Chinese investment divides EU

Worries over security and competition clash with periphery’s needs

Fiscal and monetary policies, particularly questions over compliance with budgetary rules and the European Central Bank’s quantitative easing, have traditionally divided core and peripheral euro area countries. Similar divisions are now becoming visible in another area of economic policy, that of trade and investment. A major area of contention is China – with Greece at the forefront.

Chinese investment into Greece accelerated significantly over 2016-17, particularly in the shipping, technology and energy sectors. Located at the junction between Asia, Africa and Europe, Greece plays an important role in China’s Belt and Road Initiative. In 2017 it was the fourth-largest recipient of Chinese investment into the European Union, despite being one of the bloc’s smallest economies.

Last year European Commission President Jean-Claude Juncker indicated the Commission’s intention to launch in 2018 a framework for screening foreign investment into assets considered important for public order and security, particularly in infrastructure and technology. This would complement screening rules already in place in several EU countries, notably Germany, France and Italy, and would bring the EU in line with practices in the US and Japan.

The move is motivated by worries about China in particular, whose investment flows into the EU have been steadily growing. These reached $49.8bn in 2016, corresponding to around 30% of China’s total outbound investment and equivalent to that attracted by the US and East Asia combined in that year. Through its two sovereign funds, the State Administration for Foreign Exchange and the China Investment Corporation, and other state-owned enterprises, China has acquired stakes in major European infrastructure and technology assets, including a German robotics firm, Britain’s Hinkley Point C nuclear power plant and the Greek port of Piraeus.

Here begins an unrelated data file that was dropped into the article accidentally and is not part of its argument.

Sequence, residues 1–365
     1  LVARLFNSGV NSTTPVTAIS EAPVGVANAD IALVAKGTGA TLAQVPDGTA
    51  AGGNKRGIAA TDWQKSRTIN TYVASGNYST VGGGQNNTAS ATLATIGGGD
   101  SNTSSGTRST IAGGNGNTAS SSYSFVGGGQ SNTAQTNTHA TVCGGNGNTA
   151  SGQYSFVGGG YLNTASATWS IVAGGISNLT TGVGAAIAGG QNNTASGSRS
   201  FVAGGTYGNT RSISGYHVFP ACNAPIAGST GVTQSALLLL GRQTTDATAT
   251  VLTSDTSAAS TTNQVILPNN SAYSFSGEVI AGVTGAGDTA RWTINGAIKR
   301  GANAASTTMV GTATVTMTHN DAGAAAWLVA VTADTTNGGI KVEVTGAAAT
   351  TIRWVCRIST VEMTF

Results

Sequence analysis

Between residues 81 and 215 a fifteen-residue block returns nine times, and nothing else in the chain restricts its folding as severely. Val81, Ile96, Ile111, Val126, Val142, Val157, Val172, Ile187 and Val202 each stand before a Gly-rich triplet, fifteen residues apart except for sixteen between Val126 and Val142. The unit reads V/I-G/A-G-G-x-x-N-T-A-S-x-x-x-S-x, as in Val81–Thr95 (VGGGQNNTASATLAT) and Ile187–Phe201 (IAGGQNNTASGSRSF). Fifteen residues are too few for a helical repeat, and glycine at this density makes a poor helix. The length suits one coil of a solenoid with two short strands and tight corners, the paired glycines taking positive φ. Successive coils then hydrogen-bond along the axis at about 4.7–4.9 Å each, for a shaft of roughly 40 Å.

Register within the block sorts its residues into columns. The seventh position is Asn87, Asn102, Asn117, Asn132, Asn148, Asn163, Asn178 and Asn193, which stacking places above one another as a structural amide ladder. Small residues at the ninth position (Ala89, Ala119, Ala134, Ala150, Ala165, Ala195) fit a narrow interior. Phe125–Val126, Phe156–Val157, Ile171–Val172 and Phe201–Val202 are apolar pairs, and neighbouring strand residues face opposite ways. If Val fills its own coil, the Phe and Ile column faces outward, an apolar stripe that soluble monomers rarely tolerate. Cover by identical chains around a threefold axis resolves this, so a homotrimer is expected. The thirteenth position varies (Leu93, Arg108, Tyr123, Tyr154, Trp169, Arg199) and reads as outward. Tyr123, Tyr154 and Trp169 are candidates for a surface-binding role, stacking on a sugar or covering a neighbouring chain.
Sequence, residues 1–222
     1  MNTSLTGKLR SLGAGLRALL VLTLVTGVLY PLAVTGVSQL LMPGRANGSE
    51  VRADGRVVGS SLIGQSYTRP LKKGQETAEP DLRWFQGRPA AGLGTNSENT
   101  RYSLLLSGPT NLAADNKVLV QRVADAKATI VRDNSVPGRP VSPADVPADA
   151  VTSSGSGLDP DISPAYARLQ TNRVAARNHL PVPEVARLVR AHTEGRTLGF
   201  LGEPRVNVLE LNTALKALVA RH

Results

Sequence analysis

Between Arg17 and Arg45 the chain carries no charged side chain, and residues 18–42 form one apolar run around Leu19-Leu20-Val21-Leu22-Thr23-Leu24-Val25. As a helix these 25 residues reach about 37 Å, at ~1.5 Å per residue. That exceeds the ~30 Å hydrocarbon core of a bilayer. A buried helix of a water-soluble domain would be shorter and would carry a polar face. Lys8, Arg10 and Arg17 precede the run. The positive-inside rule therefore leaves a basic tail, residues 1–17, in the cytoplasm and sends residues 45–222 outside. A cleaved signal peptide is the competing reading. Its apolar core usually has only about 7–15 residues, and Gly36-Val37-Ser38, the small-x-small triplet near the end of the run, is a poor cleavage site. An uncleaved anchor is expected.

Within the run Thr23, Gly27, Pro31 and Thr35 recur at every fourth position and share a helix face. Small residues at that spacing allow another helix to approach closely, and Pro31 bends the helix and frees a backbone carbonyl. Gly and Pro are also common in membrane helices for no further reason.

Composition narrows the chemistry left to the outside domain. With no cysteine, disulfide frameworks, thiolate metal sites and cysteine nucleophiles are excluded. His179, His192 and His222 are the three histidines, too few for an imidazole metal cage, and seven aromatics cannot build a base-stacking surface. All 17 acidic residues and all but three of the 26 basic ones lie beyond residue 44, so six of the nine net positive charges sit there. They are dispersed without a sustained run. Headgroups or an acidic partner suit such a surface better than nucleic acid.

European governments’ concern over China’s increased control of sensitive industries is matched by businesses’ fear of increased competition. The French government has taken action to block Chinese investment into what it considers to be ‘strategic assets’, from airports to the yoghurt industry. German firms are especially alarmed by the transfer of know-how through acquisitions and its potential to accelerate China’s transition from the world’s factory into a technology hub. President Donald Trump’s actions against China are another spur to Europe, as it seeks to preserve a strong relationship with the US at a time of geopolitical uncertainty in its neighbourhood.

In Europe’s crisis-hit south, the reality looms markedly different. With their economies still not fully recovered and domestic government investment hit by fiscal tightening, Spain, Greece, and Portugal view China as a source of much-needed funds. Nowhere is this felt more acutely than in Athens. The Greek government wants a ‘clean exit’ from the third bail-out in August and conditionality attached to any post-programme debt relief are linked to progress with the privatisation of state assets, which in turn is largely dependent on the country’s ability to attract foreign investment.

Free trade proponents such as the Netherlands and other northern European governments also oppose EU proposals for tighter screening rules on foreign investment. The same is true of some central and eastern European countries, where the popularity of the EU has been in gradual decline. However, Britain’s upcoming exit from the bloc is tilting the balance of power in favour of the cautious, more protectionist camp. Traditionally a vocal supporter of free trade and a country close to China, Britain has long been the favourite for Chinese investment. Between 2011-17, it was the destination for 78 Chinese investments, higher than any other EU country and greater than that of Germany and France combined. The total value of these investments was $63.6bn, one-third of the $195.5bn China invested in the EU over that period.

Britain may continue to attract significant Chinese investment after Brexit, especially if China faces growing hurdles in the EU. Northern European protectionism over China may be based on valid concerns, but would accentuate new divisions in a continent that is desperately trying to heal existing ones.

Danae Kyriakopoulou is Chief Economist and Head of Research at OMFIF. For further analysis into international capital flows, trends in sovereign funds’ investments and global net international investment positions, read OMFIF’ s upcoming Global Public Investment 2018 report, to be released on 23 May.

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